Day 2: Saturday November 12—Balmy and sparkling are the words for Tel Aviv

Nihad Dabeet's  Healer

Nihad Dabeet's Healer

Balmy and sparkling are the words for Tel Aviv: the air is warm and a little salty. Jet lag? Hah! We are energized by this city, by the electricity of every part of it, by the buzz of being here.

Michelle and I met with Lin today at her Herzliya apartment, along with Lin’s wonderful right-hand woman Tracey. We had a lunch of iconic Israeli foods—hummus, pita, roasted cauliflower, cucumber-and-tomato salad, malabi, and more—prepared by chef Eli Kishony, who truly sets the bar for what food can be: intensely flavorful, light, delightful, and somehow (even with these classic dishes) unexpected.

Eli Kishony's hummus

Eli Kishony's hummus

And as we moved from dish to dish we were happy to say to one another: Here we are, on the other side of The Desert and the Cities Sing. Our last visits were spent joyfully studying and experiencing, considering elements that might go into the project, which was still only an embryo. Now we are here to revisit some familiar places—and to see what has developed, what has appeared, what has changed.

Like any great city, Tel Aviv is a living organism in a constant state of transformation. Neighborhoods that were under construction on our last visit are now bustling with activity—and today we saw that the next wave of building is beginning: cranes and half-edifices waiting for the end of Shabbat for work to resume.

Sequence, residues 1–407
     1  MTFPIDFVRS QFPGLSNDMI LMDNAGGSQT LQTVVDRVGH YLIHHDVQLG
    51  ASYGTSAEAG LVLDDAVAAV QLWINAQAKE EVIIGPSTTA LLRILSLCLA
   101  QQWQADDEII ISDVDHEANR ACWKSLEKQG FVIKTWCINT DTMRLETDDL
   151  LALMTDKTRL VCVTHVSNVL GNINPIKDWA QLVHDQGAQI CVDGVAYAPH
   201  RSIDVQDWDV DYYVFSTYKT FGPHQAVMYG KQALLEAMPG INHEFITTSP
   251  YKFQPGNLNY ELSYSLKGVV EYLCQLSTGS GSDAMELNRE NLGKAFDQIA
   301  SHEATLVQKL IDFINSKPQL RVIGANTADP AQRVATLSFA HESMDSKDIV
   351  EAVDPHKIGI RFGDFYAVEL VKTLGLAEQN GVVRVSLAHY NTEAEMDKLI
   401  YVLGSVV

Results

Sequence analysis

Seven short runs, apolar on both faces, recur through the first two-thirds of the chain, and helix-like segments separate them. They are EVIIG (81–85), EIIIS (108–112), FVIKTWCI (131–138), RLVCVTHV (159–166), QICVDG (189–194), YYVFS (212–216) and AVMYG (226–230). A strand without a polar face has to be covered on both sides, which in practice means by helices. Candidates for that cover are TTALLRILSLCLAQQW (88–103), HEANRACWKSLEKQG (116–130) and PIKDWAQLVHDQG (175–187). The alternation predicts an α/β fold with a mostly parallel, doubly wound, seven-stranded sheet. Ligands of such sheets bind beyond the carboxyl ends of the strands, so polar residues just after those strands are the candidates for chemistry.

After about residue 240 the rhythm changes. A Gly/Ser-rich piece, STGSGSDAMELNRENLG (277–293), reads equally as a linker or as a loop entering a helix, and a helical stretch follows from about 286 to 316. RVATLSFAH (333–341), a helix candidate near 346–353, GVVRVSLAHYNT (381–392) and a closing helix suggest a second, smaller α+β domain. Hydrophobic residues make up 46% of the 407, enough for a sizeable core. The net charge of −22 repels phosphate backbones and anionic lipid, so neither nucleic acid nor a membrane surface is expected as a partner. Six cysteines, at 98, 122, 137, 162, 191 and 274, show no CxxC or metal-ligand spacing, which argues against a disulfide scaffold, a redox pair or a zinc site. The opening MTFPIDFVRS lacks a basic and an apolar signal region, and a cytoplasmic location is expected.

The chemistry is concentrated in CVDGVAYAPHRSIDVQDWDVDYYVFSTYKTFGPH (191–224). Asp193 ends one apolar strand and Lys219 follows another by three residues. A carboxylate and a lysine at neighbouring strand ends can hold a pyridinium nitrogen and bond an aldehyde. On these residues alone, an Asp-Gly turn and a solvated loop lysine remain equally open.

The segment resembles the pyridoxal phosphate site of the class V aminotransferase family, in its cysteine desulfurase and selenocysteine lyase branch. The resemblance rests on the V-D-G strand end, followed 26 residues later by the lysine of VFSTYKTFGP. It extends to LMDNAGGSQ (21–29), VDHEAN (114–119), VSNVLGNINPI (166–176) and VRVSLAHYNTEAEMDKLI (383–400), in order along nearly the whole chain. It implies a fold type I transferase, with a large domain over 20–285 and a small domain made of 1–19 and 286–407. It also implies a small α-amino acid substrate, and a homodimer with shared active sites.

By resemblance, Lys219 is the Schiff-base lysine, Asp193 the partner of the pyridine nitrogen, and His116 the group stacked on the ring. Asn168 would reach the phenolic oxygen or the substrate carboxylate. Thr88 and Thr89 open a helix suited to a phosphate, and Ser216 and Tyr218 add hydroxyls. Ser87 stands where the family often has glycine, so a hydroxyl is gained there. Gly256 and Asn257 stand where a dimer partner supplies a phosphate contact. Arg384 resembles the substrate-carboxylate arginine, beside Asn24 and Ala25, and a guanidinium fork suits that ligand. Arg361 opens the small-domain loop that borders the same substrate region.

And like any great city, Tel Aviv is a place of profound character—this is perhaps its chief constant. It is an unstoppable city of beeping cars, fast-walking people, baby carriages, bicycles. Smells of perfume, spices, cigarettes, the sea. Style, comfort, colors, stones, beauty, and that great Israeli trait: direct, easy, human communication.

At lunch today we raised glasses of Domaine du Castel’s lovely La Vie Blanc du Castel (just released: another new Israeli development). Outside the window is sculptor Nihad Dabeet’s wire structure of a graceful mare, Healer. She peers in at us coyly as we toast:

Here’s to our trip.

Here’s to Israel.

Here’s to the future of this extraordinary land.

— Diana C. Stoll